Jay Cohen, a Houston-based defense attorney specializing in DUIs, recently had a client with a strange case. When he got out to do the field sobriety test, the guy mostly seemed fine. But then he blew into a breathalyzer and ended up with a well-above-the-limit test.
What happened? “He was in great shape,” Cohen says. One of those guys who never misses a day at the gym. “So of course, he was on the keto diet.” Being in ketosis may have caused the breathalyzer to give a false positive. Armed with this info, Cohen was able to get the DUI dropped.
Here’s how that can happen: In ketosis, your liver breaks down fat for fuel, creating acetone as a byproduct. Some of that acetone is then released through your breath as isopropyl alcohol. The question is, can breathalyzers tell the difference between ethanol alcohol and isopropyl alcohol? It depends.
The inexpensive models that people buy for self-checking their BAC are probably not accurate if they’re on the keto diet, says Alan Wayne Jones, PhD, a professor in forensic technology at Sweden’s Linköping University. These devices rely on semiconductor technology. Inside the device there’s a metal film that measures the change in resistance depending on the number of molecules that hit that film, explains Keith Nothacker, the CEO of BACtrack, a California-based breathalyzer manufacturer.
Basically, regular air expelled from your lungs has a different quantity of molecules than air containing alcohol. From there, the device estimates your BAC, Nothacker says. But Dr. Jones has never seen any evidence that the devices can detect whether those molecules are coming from ethanol or isopropyl.
Most police, however, carry fuel cell-based breathalyzers in their cars—and here’s where things get complicated. Fuel cell breathalyzer manufacturers—including Nothacker—say their devices can tell the difference between ethanol and isopropyl. However, Cohen says he’s never seen peer-reviewed data showing that when either one substance or the other is present, this is indeed the case. Furthermore, “When you mix them together, which is what would happen if you were drinking and in ketosis, we don’t know that the fuel cell devices can differentiate,” he says.
One of the few papers that does exist on this topic was done by Dr. Jones. In 2006, he published a paper examining why a man on a low-carb diet was struggling to start a company vehicle, which was fitted with a breathalyzer ignition lock. “Under some circumstances, acetone can be converted in the body to isopropanol, and that is oxidized like ethanol by fuel cell breath analyzers,” he says. “If a person drank isopropanol, the fuel cell instruments probably could not distinguish it from ethanol, especially if it was combined with grain alcohol.”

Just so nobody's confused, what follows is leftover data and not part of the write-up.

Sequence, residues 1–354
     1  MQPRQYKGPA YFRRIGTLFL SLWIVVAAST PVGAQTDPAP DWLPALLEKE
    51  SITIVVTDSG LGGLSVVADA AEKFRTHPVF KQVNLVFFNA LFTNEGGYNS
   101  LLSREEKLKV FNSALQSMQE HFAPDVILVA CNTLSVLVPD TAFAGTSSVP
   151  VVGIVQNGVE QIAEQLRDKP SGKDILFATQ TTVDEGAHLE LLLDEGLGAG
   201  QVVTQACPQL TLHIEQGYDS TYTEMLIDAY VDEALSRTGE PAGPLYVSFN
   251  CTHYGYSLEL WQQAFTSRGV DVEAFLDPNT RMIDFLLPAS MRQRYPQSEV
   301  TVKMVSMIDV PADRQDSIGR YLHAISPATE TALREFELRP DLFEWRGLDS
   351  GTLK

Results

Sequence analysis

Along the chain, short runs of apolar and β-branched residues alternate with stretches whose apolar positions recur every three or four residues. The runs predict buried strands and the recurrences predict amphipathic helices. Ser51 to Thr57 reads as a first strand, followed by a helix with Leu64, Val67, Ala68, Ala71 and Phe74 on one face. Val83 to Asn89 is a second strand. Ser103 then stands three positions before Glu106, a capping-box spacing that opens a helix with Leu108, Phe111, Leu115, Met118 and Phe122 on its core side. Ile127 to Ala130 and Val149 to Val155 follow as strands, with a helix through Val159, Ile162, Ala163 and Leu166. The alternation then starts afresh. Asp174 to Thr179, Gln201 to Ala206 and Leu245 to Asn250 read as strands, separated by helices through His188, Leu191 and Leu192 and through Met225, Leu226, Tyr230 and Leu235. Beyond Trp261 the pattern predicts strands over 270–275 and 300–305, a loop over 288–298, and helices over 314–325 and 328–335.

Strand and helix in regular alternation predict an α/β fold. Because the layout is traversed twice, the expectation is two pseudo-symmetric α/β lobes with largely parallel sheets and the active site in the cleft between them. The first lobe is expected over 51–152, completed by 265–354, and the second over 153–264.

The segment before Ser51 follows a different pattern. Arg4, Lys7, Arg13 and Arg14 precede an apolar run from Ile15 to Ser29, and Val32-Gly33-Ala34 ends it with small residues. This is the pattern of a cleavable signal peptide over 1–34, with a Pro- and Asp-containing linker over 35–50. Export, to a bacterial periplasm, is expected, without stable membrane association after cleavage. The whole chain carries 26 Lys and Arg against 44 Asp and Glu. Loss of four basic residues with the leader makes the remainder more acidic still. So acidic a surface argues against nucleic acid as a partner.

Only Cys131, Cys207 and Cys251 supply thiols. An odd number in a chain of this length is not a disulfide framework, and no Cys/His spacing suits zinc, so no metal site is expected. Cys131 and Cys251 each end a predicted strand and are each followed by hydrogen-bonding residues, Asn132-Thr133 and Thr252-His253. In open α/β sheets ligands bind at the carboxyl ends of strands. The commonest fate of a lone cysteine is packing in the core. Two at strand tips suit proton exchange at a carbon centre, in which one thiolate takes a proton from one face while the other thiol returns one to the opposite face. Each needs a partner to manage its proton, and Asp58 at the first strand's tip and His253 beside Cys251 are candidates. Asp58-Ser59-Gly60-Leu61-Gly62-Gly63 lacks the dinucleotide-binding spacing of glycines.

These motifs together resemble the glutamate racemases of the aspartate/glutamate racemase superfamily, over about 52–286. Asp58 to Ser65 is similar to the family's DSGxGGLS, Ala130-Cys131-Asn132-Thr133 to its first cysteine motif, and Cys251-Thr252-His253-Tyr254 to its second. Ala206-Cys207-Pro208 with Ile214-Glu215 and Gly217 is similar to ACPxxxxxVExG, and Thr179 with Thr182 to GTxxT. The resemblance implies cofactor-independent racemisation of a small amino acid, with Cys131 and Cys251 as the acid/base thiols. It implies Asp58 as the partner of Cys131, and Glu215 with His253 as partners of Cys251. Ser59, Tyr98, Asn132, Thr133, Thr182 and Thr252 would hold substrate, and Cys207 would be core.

Nothacker, however, disagrees. He says his company’s fuel cell breathalyzers are ethanol-specific and won’t create a current with isopropyl, which is what flags a positive result. “In 17 years of business,” he says, “it’s never been a problem.”
And it may not matter: In many states, the preliminary breath test results can’t be used in court. Generally, if you’re arrested for a DUI, they bring you into the station, where you’ll re-test on a machine that uses infrared spectroscopy. These machines can tell the difference between isopropyl and ethanol alcohol, Cohen says. In some states, you can also request a blood test (generally at your expense), which, again, can tell the difference between the two alcohols.
Also, let’s be clear: Claiming you’re on the keto diet while stumbling around during a field sobriety test is not going to be a get out of jail free card. Officers rely on instinct when sniffing out whether someone is drunk or not, says Ranolph Rice, a Baltimore-based DUI attorney. “First they start with the observation phase. Are there signs that lead us to the next point? Odor is the biggest sign, obviously,” he says. If you smell like booze, officers aren’t going to have any sympathy for whatever diet you may be on.
Furthermore, it’s probably rare for a keto diet to push you up and over the legal alcohol limit. If you’ve had a drink or two, maybe. But acetone alone probably can’t make you blow a .08, Rice says. He’s more concerned about clients who have had past DUIs, who now have breathalyzer ignition locks on their cars. In Maryland, those devices keep your car shut off at a much lower level than the DUI limit. “If you blow .02 or higher BAC, you’ve violated your interlock, and they’re going to add another month to your program,” Rice says. He theorizes that a .02 could, in theory, be achievable for a sober person on the keto diet.
Other medical conditions can cause breathalyzers to malfunction, too. Diabetes can cause false positives, for the same reason as the keto diet. GERD or acid reflux can be problematic too. “If you belch or vomit, you’ve got stomach alcohol. If that’s present in your mouth, it may read that,” Cohen says.
So what should you do if you’re pulled over? Cohen and Rice both have the same super-simple advice: Don’t drink and drive, ever. If you know you’re sober, ask to be taken back to the station to use the infrared spectroscopy machines. The blood test, however, is more complicated, Cohen says. While it won’t mark a false positive for being on a low-carb diet, it may catch something else—like medicines you take for ADHD or anxiety. “That’s not going to look good mixed with alcohol,” he says, even if you end up under the limit.
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